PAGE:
For weeks, the most common question I’ve been asked is, “What about coronavirus?”
After so many inquiries about what seemed like a far-off problem on the other side of the world, I settled into the habit of giving a rather flippant answer. By the time I get to China, I would say, COVID-19 will either be a global pandemic (meaning China would be no different than anywhere else), or the global public health community will have got it under control. To be sure, I am many months away from reaching China!
Even as the virus began to spread to Europe, I felt secure in the open air on the tandem and often in a (no longer leaky!) tent at night. After all, as my friend Jeremy told me, “To my knowledge, the virus doesn’t billow down the road like tumbleweed…” Of course, like you, I am exercising normal precautions, such as increasing the frequency and intensity of my hand-washing!
But what I hadn’t realised was the impact that the coronavirus could have on international borders, and how quickly that landscape could change. The news of the last few days has forced me to shape up to this evolving reality. With the rapidly evolving situation in Italy and the many unknowns ahead, Geneva became a decision point for me… on how I plan to get to the other side of the Alps!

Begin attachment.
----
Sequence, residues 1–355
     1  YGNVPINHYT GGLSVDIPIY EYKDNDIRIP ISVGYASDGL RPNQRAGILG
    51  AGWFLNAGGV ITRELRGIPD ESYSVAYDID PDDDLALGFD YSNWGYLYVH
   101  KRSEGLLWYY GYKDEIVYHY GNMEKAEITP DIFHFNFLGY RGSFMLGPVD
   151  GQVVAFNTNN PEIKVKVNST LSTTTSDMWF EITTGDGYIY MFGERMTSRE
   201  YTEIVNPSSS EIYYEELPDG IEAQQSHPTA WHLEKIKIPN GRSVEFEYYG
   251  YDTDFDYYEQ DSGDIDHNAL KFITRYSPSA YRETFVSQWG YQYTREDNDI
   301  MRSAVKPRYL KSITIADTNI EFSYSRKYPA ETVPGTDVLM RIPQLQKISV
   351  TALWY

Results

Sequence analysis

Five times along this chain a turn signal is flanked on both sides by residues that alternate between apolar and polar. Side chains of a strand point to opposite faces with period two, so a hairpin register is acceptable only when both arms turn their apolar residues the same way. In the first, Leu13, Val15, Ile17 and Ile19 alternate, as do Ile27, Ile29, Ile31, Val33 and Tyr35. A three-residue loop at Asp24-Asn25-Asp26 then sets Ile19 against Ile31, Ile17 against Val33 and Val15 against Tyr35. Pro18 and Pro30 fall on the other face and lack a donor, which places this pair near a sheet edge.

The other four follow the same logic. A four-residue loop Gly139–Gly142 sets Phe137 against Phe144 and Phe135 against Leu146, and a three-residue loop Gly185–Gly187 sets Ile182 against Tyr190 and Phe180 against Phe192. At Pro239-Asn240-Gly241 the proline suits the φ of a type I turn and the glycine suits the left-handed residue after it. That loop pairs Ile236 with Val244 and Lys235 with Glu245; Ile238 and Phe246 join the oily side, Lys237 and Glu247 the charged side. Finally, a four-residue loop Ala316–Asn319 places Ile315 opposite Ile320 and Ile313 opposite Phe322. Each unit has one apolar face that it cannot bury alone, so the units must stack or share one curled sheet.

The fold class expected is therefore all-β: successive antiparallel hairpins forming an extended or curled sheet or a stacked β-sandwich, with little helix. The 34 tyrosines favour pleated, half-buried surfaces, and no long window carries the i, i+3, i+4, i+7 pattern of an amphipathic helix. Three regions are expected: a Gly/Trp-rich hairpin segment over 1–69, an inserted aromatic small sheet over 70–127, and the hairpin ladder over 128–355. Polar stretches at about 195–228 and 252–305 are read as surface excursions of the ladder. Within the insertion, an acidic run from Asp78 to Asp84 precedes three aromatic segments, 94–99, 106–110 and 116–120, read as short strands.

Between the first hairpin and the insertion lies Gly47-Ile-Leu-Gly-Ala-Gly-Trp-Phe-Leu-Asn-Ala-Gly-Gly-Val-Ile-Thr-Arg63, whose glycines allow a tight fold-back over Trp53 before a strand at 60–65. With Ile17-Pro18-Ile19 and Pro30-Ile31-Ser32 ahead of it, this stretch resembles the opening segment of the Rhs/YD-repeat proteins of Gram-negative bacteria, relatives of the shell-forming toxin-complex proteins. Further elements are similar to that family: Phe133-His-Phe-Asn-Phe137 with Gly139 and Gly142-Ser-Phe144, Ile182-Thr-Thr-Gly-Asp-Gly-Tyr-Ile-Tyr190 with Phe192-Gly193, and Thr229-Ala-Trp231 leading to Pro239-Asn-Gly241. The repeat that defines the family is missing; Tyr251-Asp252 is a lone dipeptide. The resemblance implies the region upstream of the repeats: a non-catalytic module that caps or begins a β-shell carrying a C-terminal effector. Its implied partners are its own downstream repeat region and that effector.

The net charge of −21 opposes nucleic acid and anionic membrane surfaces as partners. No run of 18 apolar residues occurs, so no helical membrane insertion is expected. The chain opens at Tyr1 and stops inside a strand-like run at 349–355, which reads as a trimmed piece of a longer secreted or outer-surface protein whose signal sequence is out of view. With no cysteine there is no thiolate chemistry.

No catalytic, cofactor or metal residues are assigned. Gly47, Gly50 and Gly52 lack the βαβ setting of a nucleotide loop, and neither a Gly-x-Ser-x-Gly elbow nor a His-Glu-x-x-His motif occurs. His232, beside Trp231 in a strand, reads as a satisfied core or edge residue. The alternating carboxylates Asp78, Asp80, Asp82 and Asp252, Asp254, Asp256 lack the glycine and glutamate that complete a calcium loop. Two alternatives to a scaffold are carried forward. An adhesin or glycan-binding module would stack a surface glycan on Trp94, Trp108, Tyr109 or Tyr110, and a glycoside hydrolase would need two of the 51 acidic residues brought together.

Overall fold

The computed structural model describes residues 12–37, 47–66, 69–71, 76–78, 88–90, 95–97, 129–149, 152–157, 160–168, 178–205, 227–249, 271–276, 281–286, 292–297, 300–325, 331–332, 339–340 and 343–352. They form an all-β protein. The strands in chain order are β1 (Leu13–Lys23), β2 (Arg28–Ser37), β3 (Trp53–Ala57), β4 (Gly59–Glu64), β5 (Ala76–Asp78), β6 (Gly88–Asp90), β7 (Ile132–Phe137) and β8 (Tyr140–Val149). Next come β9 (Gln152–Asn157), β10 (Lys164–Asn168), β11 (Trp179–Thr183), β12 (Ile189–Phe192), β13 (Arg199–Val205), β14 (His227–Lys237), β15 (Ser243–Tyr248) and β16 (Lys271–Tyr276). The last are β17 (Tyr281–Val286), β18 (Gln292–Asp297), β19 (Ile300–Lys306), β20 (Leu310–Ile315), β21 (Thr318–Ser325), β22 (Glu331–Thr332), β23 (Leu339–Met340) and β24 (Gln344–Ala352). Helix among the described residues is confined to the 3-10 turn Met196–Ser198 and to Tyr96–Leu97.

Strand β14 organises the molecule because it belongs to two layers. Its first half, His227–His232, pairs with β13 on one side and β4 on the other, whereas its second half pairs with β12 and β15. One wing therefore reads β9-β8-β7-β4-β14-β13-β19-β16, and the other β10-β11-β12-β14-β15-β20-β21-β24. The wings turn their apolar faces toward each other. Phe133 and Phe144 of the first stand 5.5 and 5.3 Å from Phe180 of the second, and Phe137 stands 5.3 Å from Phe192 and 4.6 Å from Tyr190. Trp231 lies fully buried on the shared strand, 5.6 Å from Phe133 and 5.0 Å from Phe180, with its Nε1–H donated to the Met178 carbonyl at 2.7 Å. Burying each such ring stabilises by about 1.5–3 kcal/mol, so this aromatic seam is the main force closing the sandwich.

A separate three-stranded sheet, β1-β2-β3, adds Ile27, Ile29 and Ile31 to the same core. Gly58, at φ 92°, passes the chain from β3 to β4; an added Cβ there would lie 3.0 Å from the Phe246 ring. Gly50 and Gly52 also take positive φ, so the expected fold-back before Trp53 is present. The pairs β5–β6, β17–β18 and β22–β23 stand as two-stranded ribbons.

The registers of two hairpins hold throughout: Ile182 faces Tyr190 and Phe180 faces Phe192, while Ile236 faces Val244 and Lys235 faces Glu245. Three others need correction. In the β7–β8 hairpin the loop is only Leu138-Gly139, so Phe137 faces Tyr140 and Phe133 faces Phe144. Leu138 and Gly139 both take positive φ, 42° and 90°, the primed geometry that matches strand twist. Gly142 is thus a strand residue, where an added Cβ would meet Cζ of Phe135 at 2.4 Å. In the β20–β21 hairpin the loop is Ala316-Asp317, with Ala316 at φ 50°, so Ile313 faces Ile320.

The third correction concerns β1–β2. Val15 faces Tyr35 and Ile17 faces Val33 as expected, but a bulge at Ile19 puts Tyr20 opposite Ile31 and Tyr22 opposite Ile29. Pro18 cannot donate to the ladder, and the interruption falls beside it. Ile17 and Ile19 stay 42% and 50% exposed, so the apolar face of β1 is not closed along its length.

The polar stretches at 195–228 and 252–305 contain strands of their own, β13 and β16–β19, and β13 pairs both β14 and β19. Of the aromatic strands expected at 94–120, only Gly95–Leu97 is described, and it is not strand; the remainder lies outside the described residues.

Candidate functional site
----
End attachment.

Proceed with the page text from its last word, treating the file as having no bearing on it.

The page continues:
The route I had envisioned would bring me to the French Riviera, across northern Italy and into the Balkan states after a tour around Venice. The situation last week made this look increasingly difficult. The situation this week made it clear that this would no longer be possible. In one sense, I might not be able to pass through. In another sense, other countries might refuse my entry because I had been to Italy in the first instance.
So, meeting my mum in Geneva earlier this week, we had a look at the next most sensible plan for me and Chris to get to Istanbul via an overland route. Fortunately, there are so many beautiful options!
Yesterday, I began making my way north and East through the northern foothills of the Swiss Alps on may way (roughly) to Interlochen and Zürich; through southern Bavaria near Munich; then east into Austria via Vienna; then following the Danube al the way to the border between Serbia and Croatia after passing Bratislava, Slovakia; Budapest, Hungary, and many beautiful sights in between. I hope to rejoin my original route in Bosnia and Herzegovina in Sarajevo. A little further on, I am still hoping to visit the project site for World Child Cancer’s work in Kosovo (see also: their post about Bristol2Beijing).
Keep your fingers crossed for this being the last major route change for this leg of the expedition! Do come and join if this revised route sparks your interest! I hadn’t predicted needing help with German, Slovak, or Hungarian, but if there are any linguists who would like to help me publicise my new route and find some great people (and coffee shops) in Switzerland, Germany, Austria, Slovakia, and Hungary, please send us an email!
Of course, flexibility is key, and I’m aware things could change again. The route after Istanbul will need to be evaluated as I get closer, especially given the COVID-19 situation in Iran, among other uncertainties. I will keep you posted. You can also follow my daily progress here!